I am looking for examples (or, if it exists, a theory) of almost-monotone kernels. First, a bit of notation.

Recall that if $(\leq, \Omega)$ is a partially ordered set, then the set of measures $\mathcal{P}(\Omega)$ on $\Omega$ is partially ordered under:

$\mu \leq_{s} \nu$ if there exists a coupling of random variables $X,Y$ so that $X$ is distributed according to $\mu$, $Y$ is distributed according to $\nu$, and $X \leq Y$.

Finally, we say that a transition kernel $K: \Omega \rightarrow \mathcal{P}(\Omega) $ is monotone if, for all $\mu_{1}, \mu_{2} \in \mathcal{P}(\Omega)$ with $\mu_{1} \leq_{s} \mu_{2}$, we also have $\mu_{1} K \leq_{s} \mu_{2} K$.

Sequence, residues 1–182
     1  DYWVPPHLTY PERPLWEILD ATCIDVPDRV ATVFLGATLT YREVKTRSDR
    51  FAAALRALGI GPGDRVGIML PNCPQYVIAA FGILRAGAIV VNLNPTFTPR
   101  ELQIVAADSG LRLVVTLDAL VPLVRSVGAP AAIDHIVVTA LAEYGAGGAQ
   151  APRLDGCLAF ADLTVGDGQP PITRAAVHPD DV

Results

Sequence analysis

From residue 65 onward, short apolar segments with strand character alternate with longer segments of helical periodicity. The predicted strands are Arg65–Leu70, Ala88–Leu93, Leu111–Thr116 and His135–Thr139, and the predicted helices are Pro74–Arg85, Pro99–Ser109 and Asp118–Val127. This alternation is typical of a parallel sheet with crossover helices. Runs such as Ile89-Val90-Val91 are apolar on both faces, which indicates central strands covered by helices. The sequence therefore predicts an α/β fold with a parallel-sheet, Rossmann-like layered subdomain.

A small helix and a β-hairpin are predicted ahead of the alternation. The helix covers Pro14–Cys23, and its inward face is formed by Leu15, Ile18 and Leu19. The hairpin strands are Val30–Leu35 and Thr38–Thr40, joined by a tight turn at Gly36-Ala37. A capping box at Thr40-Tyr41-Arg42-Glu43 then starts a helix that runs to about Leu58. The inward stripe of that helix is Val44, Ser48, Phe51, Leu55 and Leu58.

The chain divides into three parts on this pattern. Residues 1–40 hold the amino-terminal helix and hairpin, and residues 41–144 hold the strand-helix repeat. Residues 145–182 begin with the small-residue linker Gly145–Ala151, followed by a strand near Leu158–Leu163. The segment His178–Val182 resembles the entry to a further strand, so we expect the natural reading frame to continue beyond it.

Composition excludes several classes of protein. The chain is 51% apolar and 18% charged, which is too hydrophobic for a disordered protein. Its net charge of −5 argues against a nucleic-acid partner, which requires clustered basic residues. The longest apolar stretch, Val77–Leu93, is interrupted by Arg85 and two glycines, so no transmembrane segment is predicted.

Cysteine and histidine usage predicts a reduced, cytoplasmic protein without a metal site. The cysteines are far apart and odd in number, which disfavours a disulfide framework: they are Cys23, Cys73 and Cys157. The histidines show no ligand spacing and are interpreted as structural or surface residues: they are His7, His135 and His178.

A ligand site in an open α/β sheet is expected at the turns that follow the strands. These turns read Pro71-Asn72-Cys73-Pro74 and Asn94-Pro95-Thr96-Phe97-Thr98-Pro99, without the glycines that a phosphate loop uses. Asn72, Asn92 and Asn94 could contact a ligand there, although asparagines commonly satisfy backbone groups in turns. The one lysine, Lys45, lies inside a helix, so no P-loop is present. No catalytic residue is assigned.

I'm looking for any theory or examples related to "almost"-monotone kernels. Particularly of interest would be any results talking about "covering" (some subset of) stochastic kernels with small balls around monotone kernels.

A fantastic result might be: under some collection of conditions $X$, a kernel $K$ is always within $\epsilon = \epsilon(X)$ (as measured in some reasonable metric) of some kernel $K'$ that is monotone with respect to a `large' partial order. Even better would be some way to actually describe $K'$.

I am also extremely interested in any natural examples - families of "projections" from kernels to "nearby" monotone kernels.